Theft

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  • Created by: Edward
  • Created on: 18-02-16 10:41
Lawrence v MPC (1971)
The prosecution must prove all 5 elements in order to secure a conviction
1 of 27
Morris (1983)
The def need not assume all of the owner’s rights, but any single right will do
2 of 27
Lawrence and Gomez (1993)
Whether the def has the consent of the owners in respect of the assumption is irrelevant to appropriation
3 of 27
Hinks (2001)
There can be appropriation of a valid gift or valid transfer of ownership to a def (in case, woman befriended friendly man of limited intelligence and influenced him to withdraw money and give it to her)
4 of 27
Mazo (1997)
OLD LAW: there could be no theft where the def had received a valid gift inter vivos
5 of 27
Briggs (2003)
Appropriation connotes a physical act (in case, no theft as def merely caused her elderly relatives’ house sale proceeds to be transferred to her bank account)
6 of 27
Hinks
the def deposited money in her account – thus, physical act.
7 of 27
Low v Blease (1975)
Electricity is not tangible property within meaning of s 4
8 of 27
Oxford v Moss (1979)
Confidential info is not prop (in case, student took exam paper, memorised questions, then put it back-no theft-no intention to perm deprive)
9 of 27
Sharpe (1857)
Corpses and body parts are not property
10 of 27
DPP v Smith (2006)
Body parts e.g. hair being cut off, can amount to property as it is tangible
11 of 27
Turner (No. 2) (1971)
It is possible to steal from yourself- CA: the car ‘belonged to’ the repairer at the time the def took it as the repairer had possession or control of it
12 of 27
Woodman (1974)
A person can be in control of property even if he is unaware of that fact
13 of 27
Bonner (1970)
Where the def and victim are co-owners of property, the def may be liable for theft from victim if he appropriates that property
14 of 27
Williams v Phillips (1957)
Abandoned property cannot be stolen, however the courts will not readily find that property is abandoned
15 of 27
Ricketts (2011)
Donated goods remain property of owner, then become under control of charity shop when left outside for collection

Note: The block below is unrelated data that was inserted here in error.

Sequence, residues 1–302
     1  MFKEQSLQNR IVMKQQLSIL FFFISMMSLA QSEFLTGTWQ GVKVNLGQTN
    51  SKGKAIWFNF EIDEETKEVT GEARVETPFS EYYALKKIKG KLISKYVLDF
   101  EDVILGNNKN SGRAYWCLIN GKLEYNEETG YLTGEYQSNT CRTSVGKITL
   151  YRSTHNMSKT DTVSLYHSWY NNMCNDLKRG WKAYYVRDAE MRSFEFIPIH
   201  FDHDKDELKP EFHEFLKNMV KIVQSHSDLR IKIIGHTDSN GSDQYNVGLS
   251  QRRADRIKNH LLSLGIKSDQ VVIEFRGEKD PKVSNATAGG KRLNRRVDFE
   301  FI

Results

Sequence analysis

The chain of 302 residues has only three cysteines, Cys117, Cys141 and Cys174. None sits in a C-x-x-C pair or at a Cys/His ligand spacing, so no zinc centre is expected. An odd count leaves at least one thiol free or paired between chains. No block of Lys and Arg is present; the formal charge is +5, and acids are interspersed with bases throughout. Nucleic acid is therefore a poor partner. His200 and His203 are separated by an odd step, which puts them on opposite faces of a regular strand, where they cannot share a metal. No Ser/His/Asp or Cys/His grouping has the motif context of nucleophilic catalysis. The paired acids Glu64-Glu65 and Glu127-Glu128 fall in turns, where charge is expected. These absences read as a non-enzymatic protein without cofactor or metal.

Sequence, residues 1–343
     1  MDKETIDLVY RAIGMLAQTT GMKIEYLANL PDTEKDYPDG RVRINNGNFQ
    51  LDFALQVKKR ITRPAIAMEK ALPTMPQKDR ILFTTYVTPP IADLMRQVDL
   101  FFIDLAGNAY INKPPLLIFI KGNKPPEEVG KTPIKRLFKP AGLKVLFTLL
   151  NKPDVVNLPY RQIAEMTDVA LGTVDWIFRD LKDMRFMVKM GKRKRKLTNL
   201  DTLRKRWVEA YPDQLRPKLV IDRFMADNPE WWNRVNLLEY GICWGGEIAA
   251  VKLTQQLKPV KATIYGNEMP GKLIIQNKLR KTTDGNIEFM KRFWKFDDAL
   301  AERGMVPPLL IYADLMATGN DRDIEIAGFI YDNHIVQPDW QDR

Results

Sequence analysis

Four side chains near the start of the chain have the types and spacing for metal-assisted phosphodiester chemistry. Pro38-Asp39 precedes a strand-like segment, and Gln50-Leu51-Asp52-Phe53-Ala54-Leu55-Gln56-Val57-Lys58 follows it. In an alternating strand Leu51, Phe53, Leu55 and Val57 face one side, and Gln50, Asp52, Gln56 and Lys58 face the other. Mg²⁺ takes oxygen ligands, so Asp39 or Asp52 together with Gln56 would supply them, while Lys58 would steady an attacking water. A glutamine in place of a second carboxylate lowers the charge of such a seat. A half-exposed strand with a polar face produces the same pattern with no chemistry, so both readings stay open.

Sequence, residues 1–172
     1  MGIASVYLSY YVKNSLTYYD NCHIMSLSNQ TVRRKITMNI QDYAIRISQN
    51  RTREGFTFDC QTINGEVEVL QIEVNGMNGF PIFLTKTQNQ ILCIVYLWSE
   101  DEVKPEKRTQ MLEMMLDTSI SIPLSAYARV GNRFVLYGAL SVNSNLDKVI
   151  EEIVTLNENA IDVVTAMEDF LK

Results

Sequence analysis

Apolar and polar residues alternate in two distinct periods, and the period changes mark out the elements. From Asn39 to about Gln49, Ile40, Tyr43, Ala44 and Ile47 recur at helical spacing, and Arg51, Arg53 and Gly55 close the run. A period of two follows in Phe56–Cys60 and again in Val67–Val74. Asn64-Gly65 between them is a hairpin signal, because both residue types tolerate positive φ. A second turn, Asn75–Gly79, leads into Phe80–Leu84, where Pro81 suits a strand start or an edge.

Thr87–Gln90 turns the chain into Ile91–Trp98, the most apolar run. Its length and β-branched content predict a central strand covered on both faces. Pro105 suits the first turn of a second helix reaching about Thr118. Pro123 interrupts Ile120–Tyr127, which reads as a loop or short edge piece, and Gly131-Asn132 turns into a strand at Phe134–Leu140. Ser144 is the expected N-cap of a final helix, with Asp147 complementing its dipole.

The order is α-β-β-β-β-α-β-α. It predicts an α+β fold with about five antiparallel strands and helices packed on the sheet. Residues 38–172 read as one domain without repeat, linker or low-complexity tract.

16 of 27
Hibbert v McKiernan (1948)
Since the golf club had intended to exclude others from interfering with the balls, there was a clear intention on the part of the members of the golf club to exercise control over the balls
17 of 27
Parker v BA (1982)
The occupiers must show an obv intention to exercise control over the premises where the lost prop is found and things on the premises
18 of 27
Gilks (1972)
For s 5(4) to apply, the oblig’n must be a legal one (not a moral or social one)
19 of 27
Wain (1995)
Where a person is given money to pass onto another, there is an oblig’n to deal with that money in a particular way
20 of 27
Vinall (2012)
Prosecution must merely prove that the def had the intention to permanently deprive the owner of the property at the moment of approp’n
21 of 27
Zenei (2012)
Taking property for temporary period is not suff’t
22 of 27
Marshall (1998)
Where goods are returned, but their value lost or diminished, this is sufficient for permanent deprivation
23 of 27
Lloyd (1985)
CA: a mere borrowing is insufficient to constitute nec guilt, unless the intention is to return the thing in such a changed state that it can be truly said that all its goodness and virtue has gone
24 of 27
Velumyl (1989)
Where money is borrowed and the value replaced, this amounts to permanent deprivation as the exact banknotes/coins are not returned
25 of 27
Eassom (1971) and Husseyn (1977)
Conditional intention to steal something if it is worth stealing is not sufficient
26 of 27
Ghosh (1982)
the jury must consider whether the honest and reasonable person would regard what the def did as dishonest; Whether the def realised that the dishonest and reasonable person would regard her conduct as dishonest
27 of 27

Other cards in this set

Card 2

Front

The def need not assume all of the owner’s rights, but any single right will do

Back

Morris (1983)

Card 3

Front

Whether the def has the consent of the owners in respect of the assumption is irrelevant to appropriation

Back

Preview of the back of card 3

Card 4

Front

There can be appropriation of a valid gift or valid transfer of ownership to a def (in case, woman befriended friendly man of limited intelligence and influenced him to withdraw money and give it to her)

Back

Preview of the back of card 4

Card 5

Front

OLD LAW: there could be no theft where the def had received a valid gift inter vivos

Back

Preview of the back of card 5
View more cards

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